Featured Research

from universities, journals, and other organizations

New moms and obese people risk complications from influenza

Date:
August 27, 2013
Source:
McMaster University
Summary:
New mothers and obese people, two groups not typically regarded as risk groups, were found to have a higher risk of death and other severe outcomes from influenza, according to a new global study.

Although up to 500,000 people world-wide die of severe influenza each year, there has been no clear evidence about who is susceptible for influenza complications and it may not be who people think, says a study from McMaster University.

This is important because issues during past influenza seasons and pandemics have included vaccine shortage; the time needed to develop vaccines for specific influenza strains and which groups are first in line for vaccination.

New mothers and obese people, two groups not typically regarded as risk groups, were found to have a higher risk of death and other severe outcomes from influenza, according to the global study sponsored by the World Health Organization.

But, in contrast to current assumption, ethnic minorities such as American Aboriginal People and pregnant women were not found to have more complicated influenza and would not need priority vaccination.

The report is published online in the BMJ, the journal of the British Medical Association.

"Policy makers and public health organizations need to recognize the poor quality of evidence that has previously supported decisions on who receives vaccines during an epidemic," said Dr. Dominik Mertz, lead author of the study and an assistant professor of medicine of McMaster's Michael G. DeGroote School of Medicine.

"If we can define the risk groups we can optimally allocating vaccines, and that is particularly important when and if there is vaccine shortage, say during a new pandemic."

The researchers reviewed 239 observational studies between 1918 and 2011, looking at risk factors for complications of influenza including developing pneumonia or needing ventilator support, admission to hospital or its intensive care unit or dying.

"These data reinforce the need to carefully define those conditions that lead to complications following infection with influenza," said Dr. Mark Loeb, senior author on the paper. He is also a microbiologist and professor of medicine of the Michael G. DeGroote School of Medicine.


Story Source:

The above story is based on materials provided by McMaster University. Note: Materials may be edited for content and length.


Journal Reference:

  1. D. Mertz, T. H. Kim, J. Johnstone, P.-P. Lam, M. Science, S. P. Kuster, S. A. Fadel, D. Tran, E. Fernandez, N. Bhatnagar, M. Loeb. Populations at risk for severe or complicated influenza illness: systematic review and meta-analysis. BMJ, 2013; 347 (aug23 1): f5061 DOI: 10.1136/bmj.f5061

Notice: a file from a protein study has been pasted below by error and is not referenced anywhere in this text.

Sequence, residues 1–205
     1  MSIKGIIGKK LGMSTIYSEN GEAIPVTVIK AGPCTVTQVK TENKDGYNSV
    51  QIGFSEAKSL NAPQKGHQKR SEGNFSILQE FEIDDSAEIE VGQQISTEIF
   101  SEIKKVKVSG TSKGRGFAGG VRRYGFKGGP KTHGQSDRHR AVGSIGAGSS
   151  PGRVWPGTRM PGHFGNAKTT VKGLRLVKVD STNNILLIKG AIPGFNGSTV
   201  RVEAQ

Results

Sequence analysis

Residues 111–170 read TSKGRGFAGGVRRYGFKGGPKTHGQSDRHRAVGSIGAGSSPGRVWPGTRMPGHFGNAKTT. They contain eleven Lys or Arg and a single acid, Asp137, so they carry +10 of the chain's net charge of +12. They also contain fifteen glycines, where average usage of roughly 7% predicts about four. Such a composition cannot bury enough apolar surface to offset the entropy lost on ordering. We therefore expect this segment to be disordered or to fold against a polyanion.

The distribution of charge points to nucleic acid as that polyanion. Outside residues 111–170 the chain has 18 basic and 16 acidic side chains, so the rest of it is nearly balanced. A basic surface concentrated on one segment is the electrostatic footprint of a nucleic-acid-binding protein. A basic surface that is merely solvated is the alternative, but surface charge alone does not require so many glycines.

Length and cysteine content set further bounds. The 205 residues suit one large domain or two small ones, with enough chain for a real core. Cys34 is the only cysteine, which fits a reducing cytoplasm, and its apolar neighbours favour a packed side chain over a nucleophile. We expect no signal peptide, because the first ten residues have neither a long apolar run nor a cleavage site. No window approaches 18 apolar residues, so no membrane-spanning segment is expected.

Cite This Page:

McMaster University. "New moms and obese people risk complications from influenza." ScienceDaily. ScienceDaily, 27 August 2013. <www.sciencedaily.com/releases/2013/08/130827122707.htm>.
McMaster University. (2013, August 27). New moms and obese people risk complications from influenza. ScienceDaily. Retrieved April 19, 2014 from www.sciencedaily.com/releases/2013/08/130827122707.htm
McMaster University. "New moms and obese people risk complications from influenza." ScienceDaily. www.sciencedaily.com/releases/2013/08/130827122707.htm (accessed April 19, 2014).

Share This



More Health & Medicine News

Saturday, April 19, 2014

Featured Research

from universities, journals, and other organizations


Featured Videos

from AP, Reuters, AFP, and other news services

Nine-Month-Old Baby Can't Open His Mouth

Nine-Month-Old Baby Can't Open His Mouth

Newsy (Apr. 19, 2014) Nine-month-old Wyatt Scott was born with a rare disorder called congenital trismus, which prevents him from opening his mouth. Video provided by Newsy
Powered by NewsLook.com
'Holy Grail' Of Weight Loss? New Find Could Be It

'Holy Grail' Of Weight Loss? New Find Could Be It

Newsy (Apr. 18, 2014) In a potential breakthrough for future obesity treatments, scientists have used MRI scans to pinpoint brown fat in a living adult for the first time. Video provided by Newsy
Powered by NewsLook.com
Little Progress Made In Fighting Food Poisoning, CDC Says

Little Progress Made In Fighting Food Poisoning, CDC Says

Newsy (Apr. 18, 2014) A new report shows rates of two foodborne infections increased in the U.S. in recent years, while salmonella actually dropped 9 percent. Video provided by Newsy
Powered by NewsLook.com
Scientists Create Stem Cells From Adult Skin Cells

Scientists Create Stem Cells From Adult Skin Cells

Newsy (Apr. 17, 2014) The breakthrough could mean a cure for some serious diseases and even the possibility of human cloning, but it's all still a way off. Video provided by Newsy
Powered by NewsLook.com

Search ScienceDaily

Number of stories in archives: 140,361

Find with keyword(s):
Enter a keyword or phrase to search ScienceDaily for related topics and research stories.

Save/Print:
Share:

Breaking News:
from the past week

In Other News

... from NewsDaily.com

Science News

Health News

Environment News

Technology News



Save/Print:
Share:

Free Subscriptions


Get the latest science news with ScienceDaily's free email newsletters, updated daily and weekly. Or view hourly updated newsfeeds in your RSS reader:

Get Social & Mobile


Keep up to date with the latest news from ScienceDaily via social networks and mobile apps:

Have Feedback?


Tell us what you think of ScienceDaily -- we welcome both positive and negative comments. Have any problems using the site? Questions?
Mobile: iPhone Android Web
Follow: Facebook Twitter Google+
Subscribe: RSS Feeds Email Newsletters
Latest Headlines Health & Medicine Mind & Brain Space & Time Matter & Energy Computers & Math Plants & Animals Earth & Climate Fossils & Ruins